9. For ye know the grace. Having made mention of love, he adduces Christ as an all perfect and singular pattern of it. “Though he was rich,” says he, “he resigned the possession of all blessings, that he might enrich us by his poverty.” He does not afterwards state for what purpose he makes mention of this, but leaves it to be considered by them; for no one can but perceive, that we are by this example stirred up to beneficence, that we may not spare ourselves, when help is to be afforded to our brethren.

Christ was rich, because he was God, under whose power and authority all things are; and farther, even in our human nature, which he put on, as the Apostle bears witness, (Hebrews 1:2; Hebrews 2:8,) he was the heir of all things, inasmuch as he was placed by his Father over all creatures, and all things were placed under his feet. He nevertheless became poor, because he refrained from possessing, and thus he gave up his right for a time. We see, what destitution and penury as to all things awaited him immediately on his coming from his mother’s womb. We hear what he says himself, (Luke 9:58,)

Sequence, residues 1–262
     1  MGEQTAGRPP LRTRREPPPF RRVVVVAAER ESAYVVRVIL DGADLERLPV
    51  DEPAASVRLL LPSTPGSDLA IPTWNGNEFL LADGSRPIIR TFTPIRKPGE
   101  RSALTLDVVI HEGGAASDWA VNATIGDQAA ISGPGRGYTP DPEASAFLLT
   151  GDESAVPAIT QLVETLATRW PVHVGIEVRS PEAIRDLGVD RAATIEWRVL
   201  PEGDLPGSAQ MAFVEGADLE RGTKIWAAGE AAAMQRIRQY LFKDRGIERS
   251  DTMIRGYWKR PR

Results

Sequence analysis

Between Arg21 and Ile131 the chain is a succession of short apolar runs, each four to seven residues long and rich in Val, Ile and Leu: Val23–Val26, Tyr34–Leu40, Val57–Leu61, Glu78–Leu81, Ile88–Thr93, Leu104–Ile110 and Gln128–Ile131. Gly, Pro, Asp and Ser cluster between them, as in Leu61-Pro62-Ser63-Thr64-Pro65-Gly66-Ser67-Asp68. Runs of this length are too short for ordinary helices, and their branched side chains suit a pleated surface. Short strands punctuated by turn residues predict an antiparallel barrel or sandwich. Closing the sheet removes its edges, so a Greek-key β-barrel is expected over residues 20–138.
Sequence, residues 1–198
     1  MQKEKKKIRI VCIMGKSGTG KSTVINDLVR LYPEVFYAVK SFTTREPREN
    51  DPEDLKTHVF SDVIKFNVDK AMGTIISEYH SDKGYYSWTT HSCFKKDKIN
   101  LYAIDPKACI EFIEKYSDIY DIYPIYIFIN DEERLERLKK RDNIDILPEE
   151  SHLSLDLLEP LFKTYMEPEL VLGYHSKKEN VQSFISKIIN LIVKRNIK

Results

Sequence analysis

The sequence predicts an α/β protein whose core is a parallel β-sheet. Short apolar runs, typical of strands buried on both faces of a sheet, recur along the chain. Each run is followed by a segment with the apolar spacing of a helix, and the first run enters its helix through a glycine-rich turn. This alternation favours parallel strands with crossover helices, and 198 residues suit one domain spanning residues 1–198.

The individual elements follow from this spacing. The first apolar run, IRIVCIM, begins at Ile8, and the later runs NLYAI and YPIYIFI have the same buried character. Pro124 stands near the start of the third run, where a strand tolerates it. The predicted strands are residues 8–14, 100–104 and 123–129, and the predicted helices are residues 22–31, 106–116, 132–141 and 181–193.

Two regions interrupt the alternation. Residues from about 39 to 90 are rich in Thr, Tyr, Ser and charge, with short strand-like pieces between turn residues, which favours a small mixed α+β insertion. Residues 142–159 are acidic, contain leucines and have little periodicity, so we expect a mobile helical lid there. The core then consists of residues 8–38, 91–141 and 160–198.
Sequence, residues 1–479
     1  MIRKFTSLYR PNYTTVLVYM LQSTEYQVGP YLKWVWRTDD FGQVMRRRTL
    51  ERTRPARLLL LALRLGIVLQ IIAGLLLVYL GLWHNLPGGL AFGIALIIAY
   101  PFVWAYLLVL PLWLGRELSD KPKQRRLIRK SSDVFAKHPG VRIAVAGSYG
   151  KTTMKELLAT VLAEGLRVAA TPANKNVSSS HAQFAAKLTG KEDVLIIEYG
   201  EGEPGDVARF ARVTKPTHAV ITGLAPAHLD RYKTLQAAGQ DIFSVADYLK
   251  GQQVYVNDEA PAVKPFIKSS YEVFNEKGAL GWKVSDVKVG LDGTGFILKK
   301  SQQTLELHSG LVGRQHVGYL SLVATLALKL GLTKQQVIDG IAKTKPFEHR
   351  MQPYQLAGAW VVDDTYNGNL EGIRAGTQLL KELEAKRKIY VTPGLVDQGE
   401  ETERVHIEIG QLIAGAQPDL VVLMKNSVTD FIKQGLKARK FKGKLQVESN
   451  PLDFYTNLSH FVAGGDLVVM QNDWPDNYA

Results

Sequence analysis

The foxes have holes, and the birds of the air have nests: the Son of man hath not where to lay his head.

Hence he has consecrated poverty in his own person, that believers may no longer regard it with horror. By his poverty he has enriched us all for this purpose — that we may not feel it hard to take from our abundance what we may lay out upon our brethren.